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HDR & Plenoptic Cameras: The Future of Digital Photography?

Plenoptic Example
A Stanford grad student, Ren Ng, recently developed a “plenoptic camera” that allows photos to be focused after they are taken. The camera, whose workings are documented here and here, allows a single snapshot to later be focused at any distance. This struck me as an amazing advancement for designers, as refocusing an image is something I always wish I could do when making a composition. This announcement made me stop and think for a moment about how to further improve the lives of designers. I was eventually reminded of another such process that improves life for designers: HDR photography.

You may have used HDR photography before or at least heard of it, but for the benefit of those not familiar with the process, I’ll offer a little primer. HDR stands for High Dynamic Range. The term refers to images that contain large variations of light. For example, a picture of a block of matte black plastic taken on a cloudy day with undirected interior light is Low Dynamic Range; whereas, a picture of sunrise over the grand canyon on a clear day is High Dynamic Range.

Most photographers agree that images with a High Dynamic Range are more interesting subjects. Now we get to a problem. Cameras have a limited range of brightness that their CCDs can handle. Anything above their maximum brightness is burned out to white, and anything below their minimum brightness is pure black. This is bad for both photographers and designers, because any detail that was in an area above or below the range of brightness is lost forever. Enter HDR photography.

HDR Example
HDR photography involves using a tripod to capture multiple images of a subject under different exposures. You aim for a spread such that the longest exposure shows details in the darkest areas, and the shortest shows the details in the brightest areas. There should be no pixel in the scene that is overpowered or underpowered for the entire series. These photos are then processed, and each pixel is assigned a brightness value in floating point, thereby giving an almost limitless dynamic range. The resulting picture looks similar to one taken at a set exposure, except that you can then “choose your exposure”, allowing exposures as short or as long as you like. You can even change the exposure on a single portion of the image. Do you see the resemblance to the “plenoptic camera” yet?

Photoshop CS 2 already supports HDR images. With a little tweaking, I’m sure it could support plenoptic images as well. Here lies my idea.

I’d like to see a camera with HDR implemented onboard, where you can have it automatically take a sequence and convert it to HDR. I’d like said camera to also be plenoptic. The immediate improvement for designers is obvious. Take one shot and be able to refocus and change the exposure all you want, after your trip, in the safety of your editing suite. Immediately, shots of fleeting lighting conditions can be perfected after the fact, and taking multiple shots of the same scene focused differently is a thing of the past.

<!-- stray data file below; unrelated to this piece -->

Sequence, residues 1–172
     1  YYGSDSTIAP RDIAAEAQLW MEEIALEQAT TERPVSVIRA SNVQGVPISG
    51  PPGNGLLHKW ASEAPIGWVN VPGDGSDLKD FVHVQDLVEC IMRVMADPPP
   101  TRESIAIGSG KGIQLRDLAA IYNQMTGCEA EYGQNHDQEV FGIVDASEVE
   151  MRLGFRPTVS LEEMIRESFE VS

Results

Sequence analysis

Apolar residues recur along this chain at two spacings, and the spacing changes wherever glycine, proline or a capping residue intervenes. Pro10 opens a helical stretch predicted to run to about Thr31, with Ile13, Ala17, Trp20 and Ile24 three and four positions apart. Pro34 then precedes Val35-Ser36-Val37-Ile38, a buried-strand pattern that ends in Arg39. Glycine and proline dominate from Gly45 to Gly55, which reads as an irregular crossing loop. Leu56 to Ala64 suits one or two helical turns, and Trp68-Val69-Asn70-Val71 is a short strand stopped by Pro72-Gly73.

I realize that this is computationally complex, and that the resulting photos would be huge, but if this technology isn’t in production by 2010, camera makers are dragging their feet.

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  • http://alienboysworld.blogspot.com Christopher Rose

    Wow! Great story Gregory, thanks for posting it. Can’t wait to get my hands on an HDR Plenoptic camera.

  • http://www.magicjunk.com/blog Mark Sahm

    Very interesting wish, Greg. The mix of HDR and Plenoptic ranks right up there with a beautiful woman who is also humble and a fulfilling career that pays well. :)

    But seriously, I suspect the two formats have yet to be merged, because they negate each other. The ability to refocus probably needs a set exposure, and vice versa.

  • http://www.gschoppe.com/blog/ Greg Schoppe

    From what I understand of plenoptic cameras (which is limited by the little the press knows) it seems like a combination should be possible. Plenoptic cameras take one shot, and record the angle and intensite of light hitting the pixel, what this really means (i think) is that each “micro lens” covers several (16 or so) actual pixels in the captured image. these pixels will show the image as seen at that “meta pixel” with different focusing (because the lenses have different focal lengths from different angles. by selectively choosing which pixel to show, and a bit of interpolation, the camera can give you your choice of focus. This method should not effect exposure in the least. an HDR Plenoptic camera would simply take a spread of plenoptic exposures, then convert the plenoptic images to HDR, so the resultant focused image is also HDR. Remember, most of this is educated guesswork, as there isn’t much in the way of documentation for plenoptic cameras, but here’s hoping.

  • http://www.magicjunk.com/blog Mark Sahm

    Either way, both technologies seem promising. I guess I was trying to think of it in literal means. I.e. when I shoot a cityscape at night, hypothetically each single shot I took would have 4 possible focuses and 4 possible light exposures, which would be like your camera actually takes 16 shots that you can mix and match back into the optimal single shot.

    Nothing like having options, eh? Good post and follow up btw.

  • http://www.gschoppe.com/blog/ Greg Schoppe

    thanks